An upside-down world

"These men who have turned the world upside down have come here also ... saying that there is another king, Jesus."

-- Acts 17:6-7, ESV

Roy Van Winkle went to sleep one night in 1982, slept for 40 years, and woke up in 2022. He turned on that new news channel he remembered, CNN, to see what was happening. He saw a gay reporter, Anderson Cooper, interviewing a transgender government official, Rachel Levine. Old Roy shook his head, then realized that the world has always had a small percentage of people who are homosexuals, and an even smaller percentage of men who want to wear dresses, and he reckoned he could live with them.

On the first Sunday of his awakening, Roy went to church. He went inside and as the service began, he was a little surprised to see his new pastor was a woman, but many churches had started ordaining women before Roy went to sleep. However, early on in the service, the pastor made some references to a trip she had taken with her wife. Yes, the woman pastor had a woman wife. Now, Roy's head began to spin.

Upside-down lifestyles have always existed in the world, but old Roy was surprised to learn they had joined the church. As the worship service unfolded, he noticed the traditional Scripture Readings had been replaced with modern poetry. The sermon, which his former pastor used to deliver with Whitefield-like intensity, was really not a sermon at all, just a rambling talk about accepting change and promoting diversity.

Then Roy Van Winkle knew that the problem is not the world, still spinning upside down since original sin. The problem is the typical church has adjusted to the upside-down world without trying to turn it right side up with the word of God and the gospel of Jesus Christ.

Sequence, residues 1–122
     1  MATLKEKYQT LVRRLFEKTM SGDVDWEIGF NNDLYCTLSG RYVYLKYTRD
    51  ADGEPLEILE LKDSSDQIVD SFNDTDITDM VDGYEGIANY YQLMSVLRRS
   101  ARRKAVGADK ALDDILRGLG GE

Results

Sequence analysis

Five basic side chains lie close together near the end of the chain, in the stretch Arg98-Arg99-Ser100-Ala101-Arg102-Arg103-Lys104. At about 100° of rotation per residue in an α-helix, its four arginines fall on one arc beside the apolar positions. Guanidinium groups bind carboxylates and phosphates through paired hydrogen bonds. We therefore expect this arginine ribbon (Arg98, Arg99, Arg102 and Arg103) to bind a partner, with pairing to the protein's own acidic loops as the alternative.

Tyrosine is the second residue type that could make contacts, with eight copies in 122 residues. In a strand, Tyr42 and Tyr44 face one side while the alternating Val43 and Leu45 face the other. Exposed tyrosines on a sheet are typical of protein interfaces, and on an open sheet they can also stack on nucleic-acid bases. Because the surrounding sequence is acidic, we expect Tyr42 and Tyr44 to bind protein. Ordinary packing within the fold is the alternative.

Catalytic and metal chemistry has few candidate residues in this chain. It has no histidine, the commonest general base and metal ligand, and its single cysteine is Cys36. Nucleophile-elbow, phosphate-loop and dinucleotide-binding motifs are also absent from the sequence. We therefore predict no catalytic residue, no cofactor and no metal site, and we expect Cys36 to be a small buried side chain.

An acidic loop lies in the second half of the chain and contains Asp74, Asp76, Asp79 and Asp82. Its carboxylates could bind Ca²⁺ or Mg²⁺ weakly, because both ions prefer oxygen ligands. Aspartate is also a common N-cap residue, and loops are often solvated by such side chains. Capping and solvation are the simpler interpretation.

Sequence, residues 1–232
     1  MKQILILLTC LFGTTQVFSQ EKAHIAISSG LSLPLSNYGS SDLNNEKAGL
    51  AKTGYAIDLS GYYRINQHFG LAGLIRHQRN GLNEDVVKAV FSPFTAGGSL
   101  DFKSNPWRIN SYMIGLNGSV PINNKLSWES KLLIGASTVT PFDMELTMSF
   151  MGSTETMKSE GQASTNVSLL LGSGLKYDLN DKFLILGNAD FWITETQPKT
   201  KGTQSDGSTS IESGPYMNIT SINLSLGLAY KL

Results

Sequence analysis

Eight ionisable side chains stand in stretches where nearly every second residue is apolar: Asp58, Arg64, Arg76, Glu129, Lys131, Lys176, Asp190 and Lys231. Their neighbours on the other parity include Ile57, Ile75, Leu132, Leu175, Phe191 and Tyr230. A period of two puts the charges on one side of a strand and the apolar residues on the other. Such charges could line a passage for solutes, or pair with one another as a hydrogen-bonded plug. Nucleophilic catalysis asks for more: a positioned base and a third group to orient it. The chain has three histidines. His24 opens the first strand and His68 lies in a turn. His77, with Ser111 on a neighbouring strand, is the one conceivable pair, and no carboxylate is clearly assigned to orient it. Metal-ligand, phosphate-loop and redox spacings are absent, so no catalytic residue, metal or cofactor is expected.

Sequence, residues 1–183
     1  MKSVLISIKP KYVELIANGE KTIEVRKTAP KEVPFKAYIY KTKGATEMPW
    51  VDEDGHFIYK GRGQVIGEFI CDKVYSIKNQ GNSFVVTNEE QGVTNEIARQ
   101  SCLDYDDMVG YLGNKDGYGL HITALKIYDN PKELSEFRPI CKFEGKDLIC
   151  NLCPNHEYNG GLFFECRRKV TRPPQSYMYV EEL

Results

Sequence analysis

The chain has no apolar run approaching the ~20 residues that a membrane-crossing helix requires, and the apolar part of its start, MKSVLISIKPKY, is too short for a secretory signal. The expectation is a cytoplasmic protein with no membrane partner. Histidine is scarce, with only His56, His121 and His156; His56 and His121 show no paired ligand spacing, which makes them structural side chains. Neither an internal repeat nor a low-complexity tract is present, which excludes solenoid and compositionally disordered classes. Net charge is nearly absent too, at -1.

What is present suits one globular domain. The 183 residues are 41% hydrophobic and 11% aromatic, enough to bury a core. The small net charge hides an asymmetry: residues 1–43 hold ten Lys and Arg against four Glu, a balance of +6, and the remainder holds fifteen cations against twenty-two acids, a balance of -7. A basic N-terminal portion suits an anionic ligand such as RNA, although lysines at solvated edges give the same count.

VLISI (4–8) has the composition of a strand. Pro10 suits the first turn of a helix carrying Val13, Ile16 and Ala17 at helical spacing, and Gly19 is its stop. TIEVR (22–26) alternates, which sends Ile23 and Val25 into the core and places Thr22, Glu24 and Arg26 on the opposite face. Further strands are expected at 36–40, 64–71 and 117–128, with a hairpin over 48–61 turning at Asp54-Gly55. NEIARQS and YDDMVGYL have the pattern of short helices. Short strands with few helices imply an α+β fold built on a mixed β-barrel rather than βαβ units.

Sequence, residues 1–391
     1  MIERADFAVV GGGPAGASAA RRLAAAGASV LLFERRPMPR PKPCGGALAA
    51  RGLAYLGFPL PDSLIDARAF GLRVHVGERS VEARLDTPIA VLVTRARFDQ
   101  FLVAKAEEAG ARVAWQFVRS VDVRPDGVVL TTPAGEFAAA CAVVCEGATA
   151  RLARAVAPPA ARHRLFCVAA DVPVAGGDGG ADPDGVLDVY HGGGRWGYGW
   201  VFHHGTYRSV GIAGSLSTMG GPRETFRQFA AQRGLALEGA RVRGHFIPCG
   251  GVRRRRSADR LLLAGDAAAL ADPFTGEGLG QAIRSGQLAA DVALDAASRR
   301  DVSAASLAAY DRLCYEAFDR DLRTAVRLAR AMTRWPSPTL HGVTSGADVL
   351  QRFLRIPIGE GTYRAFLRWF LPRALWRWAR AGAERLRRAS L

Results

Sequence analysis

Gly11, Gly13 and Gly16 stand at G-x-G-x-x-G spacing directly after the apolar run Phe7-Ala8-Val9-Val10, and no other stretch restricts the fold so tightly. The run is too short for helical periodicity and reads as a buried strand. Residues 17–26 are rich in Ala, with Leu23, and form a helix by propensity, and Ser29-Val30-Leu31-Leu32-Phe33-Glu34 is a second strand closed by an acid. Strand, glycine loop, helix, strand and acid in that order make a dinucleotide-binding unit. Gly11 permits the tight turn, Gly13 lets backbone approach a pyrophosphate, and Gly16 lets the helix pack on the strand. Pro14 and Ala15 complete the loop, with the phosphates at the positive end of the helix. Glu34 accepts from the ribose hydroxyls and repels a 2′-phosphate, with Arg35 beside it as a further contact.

Into an upside-down world went the Apostle Paul, the old Greco-Roman world where politics was religion, power and money ruled, and sexual sin was normalized. Looks like not much has changed in the world. So what can the church do?

The church can be the compass of the world, pointing it in God's direction. Paul's missionary journeys were not meant to spread Christmas cheer, open coffee shops, or start yoga groups. Paul was in the world to plant churches, God-centered, biblical churches, which the world needs now much more than ever.

A Christian church is important to every community in the world because the world is upside down. God created it and its inhabitants to be good, but sin entered in and made it bad, fallen, upside down. Sin is rebellion against God's word, the Bible, and rejection of God's Messiah, Jesus Christ. No other entity in the world is equipped to battle sin and offer salvation like the New Testament church.

The Bible must be the authority in the church. A church is not a church if God's word is not the sole authority for faith and living. In Roy Van Winkle's world, they are getting harder and harder to find.

A true church cannot be built without the belief that the Bible is the authoritative, inspired word of God. And, lost people cannot be saved unless they first have a sense in which the Bible is true and can be trusted. If the church loses confidence in the Bible, what in the world is the world going to go? We need the Bible, for it is the foundation of the Gospel.

And the Gospel is the hope of the world. Paul did not waste time condemning lost people for all the ways in which their world was upside down. He did not vehemently attack them over issues like abortion, fornication, or homosexuality, although he does discuss them in his epistles to the churches. His message to the upside-down world can simply be summarized, "This Jesus, whom I proclaim to you, is the Christ."

We live in an upside-down world. Let us chain our churches to the word of God, and invite others to come and listen. Let us preach the gospel, to one another for inspiration, to the lost for salvation. Then one great day, we will rise to the top and see the light of God's glory in the face of Jesus Christ. By the way, He'll be standing right side up!

Chuck DeVane is the pastor of Lake Hamilton Baptist Church. Call him at 501-525-8339 or email [email protected].

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